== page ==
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Ginger chicken curry

Before revealing my recipe, a little molecular zoom on ginger. An ancestral remedy known to relieve pain, nausea and vomiting, ginger is now the subject of more and more scientific studies relating to health. Gingerol and shogaol, the two best-known activating molecules in ginger, are attracting great interest in the scientific community. It contains other active molecules, less studied, but nevertheless very interesting for their antioxidant properties (zingiberene, zingerone, and terpenes).

5 main actions of ginger have been scientifically proven by several studies:

1/ Antiemetic action: it reduces nausea and vomiting during chemotherapy treatment and during pregnancy. However, its effectiveness seems uncertain on nausea related to motion sickness.

2/ Digestive action: it would have an effect on gastric emptying and the motility of the stomach. It would therefore allow the stomach to empty itself more quickly and efficiently. It has also been shown to have a positive action in the treatment of colorectal cancer. On the other hand, its effectiveness in the treatment of an irritable colon remains to be demonstrated.

3/ Painkiller effect: quite controversial effect, ginger would nevertheless have a positive action on the reduction of pain related to menstruation, on migraines and lower back pain...?

4/ Anti-inflammatory effect: probably the most studied and validated effect. Ginger has an action on various pro-inflammatory metabolic factors (cytokines, FOX, TNF...). I gladly recommend it to my patients with osteoarthritis or rheumatoid arthritis (500 mg / d). Its anti-inflammatory action is also interesting in the management of obesity and its complications: indeed, the adipocyte tissue (in other words fat) is very inflammatory and is at the origin of what is called low-grade chronic inflammatory states.

5/ Metabolic action: here again, a widely studied and validated effect on diabetes in particular. Ginger helps improve insulin sensitivity, fasting blood sugar, glycated hemoglobin and lipid profile.

Other lesser-known effects that still need to be studied:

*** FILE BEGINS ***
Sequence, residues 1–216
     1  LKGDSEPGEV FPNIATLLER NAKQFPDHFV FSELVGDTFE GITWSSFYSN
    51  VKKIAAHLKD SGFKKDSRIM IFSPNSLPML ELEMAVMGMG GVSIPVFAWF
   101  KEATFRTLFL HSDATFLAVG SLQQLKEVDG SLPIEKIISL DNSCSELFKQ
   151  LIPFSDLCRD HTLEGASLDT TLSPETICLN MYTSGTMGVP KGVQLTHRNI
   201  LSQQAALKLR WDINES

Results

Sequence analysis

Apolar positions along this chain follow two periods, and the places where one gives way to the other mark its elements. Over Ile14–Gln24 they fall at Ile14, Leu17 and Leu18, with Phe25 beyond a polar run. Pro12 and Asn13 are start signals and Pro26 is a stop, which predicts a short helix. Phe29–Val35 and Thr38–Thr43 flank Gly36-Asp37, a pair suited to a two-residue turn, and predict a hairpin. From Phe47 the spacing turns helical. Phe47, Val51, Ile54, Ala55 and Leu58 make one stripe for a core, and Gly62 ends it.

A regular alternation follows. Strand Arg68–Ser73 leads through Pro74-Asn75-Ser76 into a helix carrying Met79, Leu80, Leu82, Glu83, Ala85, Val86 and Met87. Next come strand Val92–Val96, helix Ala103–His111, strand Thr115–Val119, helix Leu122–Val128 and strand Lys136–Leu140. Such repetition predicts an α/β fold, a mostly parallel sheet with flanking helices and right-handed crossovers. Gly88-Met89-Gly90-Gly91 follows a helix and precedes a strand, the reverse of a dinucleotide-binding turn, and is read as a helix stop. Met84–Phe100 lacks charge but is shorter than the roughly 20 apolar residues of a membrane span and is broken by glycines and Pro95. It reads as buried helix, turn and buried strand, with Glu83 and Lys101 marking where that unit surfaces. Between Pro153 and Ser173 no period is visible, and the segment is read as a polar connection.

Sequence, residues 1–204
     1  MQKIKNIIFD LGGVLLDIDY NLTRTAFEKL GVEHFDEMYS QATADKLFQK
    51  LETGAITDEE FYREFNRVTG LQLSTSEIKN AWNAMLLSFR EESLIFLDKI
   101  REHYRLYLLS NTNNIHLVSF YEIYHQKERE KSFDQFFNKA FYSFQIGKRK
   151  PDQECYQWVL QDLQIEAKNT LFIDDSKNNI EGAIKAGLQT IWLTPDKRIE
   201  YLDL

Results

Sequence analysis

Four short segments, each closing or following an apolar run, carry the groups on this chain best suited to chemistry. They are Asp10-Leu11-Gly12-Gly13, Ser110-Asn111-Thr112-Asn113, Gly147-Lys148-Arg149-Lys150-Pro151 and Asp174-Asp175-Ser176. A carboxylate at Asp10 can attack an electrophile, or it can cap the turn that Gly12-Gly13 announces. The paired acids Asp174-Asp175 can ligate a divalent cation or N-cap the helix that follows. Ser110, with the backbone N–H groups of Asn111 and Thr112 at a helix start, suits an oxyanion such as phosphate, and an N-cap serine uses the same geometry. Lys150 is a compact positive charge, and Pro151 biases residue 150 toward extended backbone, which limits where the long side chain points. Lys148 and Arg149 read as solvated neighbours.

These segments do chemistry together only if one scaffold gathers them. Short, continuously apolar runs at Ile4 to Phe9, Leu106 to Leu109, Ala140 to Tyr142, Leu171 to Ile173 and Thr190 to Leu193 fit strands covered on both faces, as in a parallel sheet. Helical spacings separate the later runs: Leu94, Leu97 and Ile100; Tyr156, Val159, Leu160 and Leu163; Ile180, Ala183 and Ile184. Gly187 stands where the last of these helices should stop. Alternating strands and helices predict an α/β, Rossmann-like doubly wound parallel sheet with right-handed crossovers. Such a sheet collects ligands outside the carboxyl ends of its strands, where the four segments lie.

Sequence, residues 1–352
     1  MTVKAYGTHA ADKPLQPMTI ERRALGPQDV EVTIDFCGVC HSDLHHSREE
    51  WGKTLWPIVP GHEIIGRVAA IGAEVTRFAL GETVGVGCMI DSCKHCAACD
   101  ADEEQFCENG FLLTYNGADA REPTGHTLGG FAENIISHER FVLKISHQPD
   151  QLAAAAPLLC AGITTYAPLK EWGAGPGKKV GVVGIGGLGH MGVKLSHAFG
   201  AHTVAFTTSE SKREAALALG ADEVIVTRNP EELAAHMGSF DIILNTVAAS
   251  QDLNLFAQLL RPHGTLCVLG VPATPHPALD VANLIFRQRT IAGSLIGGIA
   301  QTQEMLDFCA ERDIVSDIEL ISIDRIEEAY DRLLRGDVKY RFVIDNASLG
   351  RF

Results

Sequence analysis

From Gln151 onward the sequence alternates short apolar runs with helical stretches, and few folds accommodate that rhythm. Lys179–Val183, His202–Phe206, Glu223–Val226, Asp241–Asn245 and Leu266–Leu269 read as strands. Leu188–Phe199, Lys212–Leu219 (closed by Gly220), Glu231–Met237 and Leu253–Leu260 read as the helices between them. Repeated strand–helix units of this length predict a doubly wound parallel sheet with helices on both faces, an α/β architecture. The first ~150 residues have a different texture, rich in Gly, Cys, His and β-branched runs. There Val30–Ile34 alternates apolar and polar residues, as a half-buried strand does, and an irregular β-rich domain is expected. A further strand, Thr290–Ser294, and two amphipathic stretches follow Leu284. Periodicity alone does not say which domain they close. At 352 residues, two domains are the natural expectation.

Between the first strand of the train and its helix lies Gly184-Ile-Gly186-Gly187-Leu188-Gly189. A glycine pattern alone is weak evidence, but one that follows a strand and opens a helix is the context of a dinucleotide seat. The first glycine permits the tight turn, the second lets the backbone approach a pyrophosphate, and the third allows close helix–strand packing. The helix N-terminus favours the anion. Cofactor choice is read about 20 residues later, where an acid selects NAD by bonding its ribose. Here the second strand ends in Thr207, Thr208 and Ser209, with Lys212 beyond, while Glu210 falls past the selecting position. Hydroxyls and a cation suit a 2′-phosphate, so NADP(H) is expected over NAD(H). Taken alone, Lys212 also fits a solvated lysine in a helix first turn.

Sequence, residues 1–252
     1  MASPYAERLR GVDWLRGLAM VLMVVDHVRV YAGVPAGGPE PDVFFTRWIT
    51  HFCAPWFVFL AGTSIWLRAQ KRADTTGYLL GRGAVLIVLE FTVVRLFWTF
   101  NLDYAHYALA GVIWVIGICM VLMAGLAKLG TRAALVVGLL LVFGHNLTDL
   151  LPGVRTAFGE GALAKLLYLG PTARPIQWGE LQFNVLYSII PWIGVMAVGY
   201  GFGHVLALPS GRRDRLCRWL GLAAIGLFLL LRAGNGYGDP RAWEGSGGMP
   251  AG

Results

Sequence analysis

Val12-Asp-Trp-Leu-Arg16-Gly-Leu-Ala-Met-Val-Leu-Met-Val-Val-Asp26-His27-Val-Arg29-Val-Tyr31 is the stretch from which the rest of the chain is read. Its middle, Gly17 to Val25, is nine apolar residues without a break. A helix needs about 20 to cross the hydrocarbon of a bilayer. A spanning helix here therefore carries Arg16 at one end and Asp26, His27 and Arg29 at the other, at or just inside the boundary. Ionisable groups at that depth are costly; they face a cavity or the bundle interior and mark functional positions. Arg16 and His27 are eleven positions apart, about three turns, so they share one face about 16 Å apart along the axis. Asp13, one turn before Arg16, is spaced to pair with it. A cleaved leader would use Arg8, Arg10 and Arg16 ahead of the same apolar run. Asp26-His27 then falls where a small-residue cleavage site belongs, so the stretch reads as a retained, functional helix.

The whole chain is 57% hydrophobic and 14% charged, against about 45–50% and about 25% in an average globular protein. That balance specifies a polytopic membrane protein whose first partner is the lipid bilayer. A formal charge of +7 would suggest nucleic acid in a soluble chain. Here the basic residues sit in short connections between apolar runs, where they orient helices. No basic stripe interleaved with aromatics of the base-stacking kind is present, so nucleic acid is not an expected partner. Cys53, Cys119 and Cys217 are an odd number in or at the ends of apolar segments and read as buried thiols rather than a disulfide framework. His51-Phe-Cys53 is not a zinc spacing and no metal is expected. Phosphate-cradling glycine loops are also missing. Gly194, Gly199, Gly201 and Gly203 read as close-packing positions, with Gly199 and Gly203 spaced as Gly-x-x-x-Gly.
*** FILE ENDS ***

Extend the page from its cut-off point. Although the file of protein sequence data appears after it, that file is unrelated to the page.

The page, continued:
- respiratory (in patients with asthma or respiratory distress).

- cardiovascular (decrease in platelet aggregation)

- decrease in bleeding during menstruation

- increase in the volume of milk during breastfeeding

Obviously ginger cannot replace drug treatment, but it is beginning to be recognized and used in the management of diabetes, cardiovascular disorders and certain cancers.

Now enough theory, time for tasting ;-)

Ginger chicken curry

Ingredients ( for one person)

  • 125g diced chicken

  • 100ml soy cream

  • Turmeric, curry, and paprika powder

  • A piece of grated fresh ginger

  • 1 carrot

  • 1 slice of ball celery

  • 1 rutabaga

  • ½ onion

  • 2 tbsp olive oil

Cooking (30 minutes + 2h to marinate)

  1. Mix the diced chicken with 3 tbsp of soy cream and half of the powdered spices. Leave to marinate in the fridge for at least 2 hours.

  2. Cut the vegetables into cubes and chop the onion.

  3. In a pan, sauté the onion, ginger and the other half of the powdered spices over low heat. Add the chicken cubes and cook for 2 min.

  4. Add the diced vegetables and the rest of the soy cream. Cover and simmer over low heat, 15 to 20 minutes.

Sources :

Cours DU diététique santé et physionutrition. Université de pharmacie de Grenoble.2020-2021

Gingerols and shogaols: Important nutraceutical principles from ginger. Semwal RB, Semwal DK, Combrinck S, Viljoen AM. 2015.

Ginger on Human Health: A Comprehensive Systematic Review of 109 Randomized Controlled Trials. Nguyen Hoang Anh,1 Sun Jo Kim,1 Nguyen Phuoc Long,1 Jung Eun Min,1 Young Cheol Yoon,1 Eun Goo Lee,1 Mina Kim,1 Tae Joon Kim,1 Yoon Young Yang,1 Eui Young Son,1 Sang Jun Yoon,1 Nguyen Co Diem,2 Hyung Min Kim,1 and Sung Won Kwon1. 2020.

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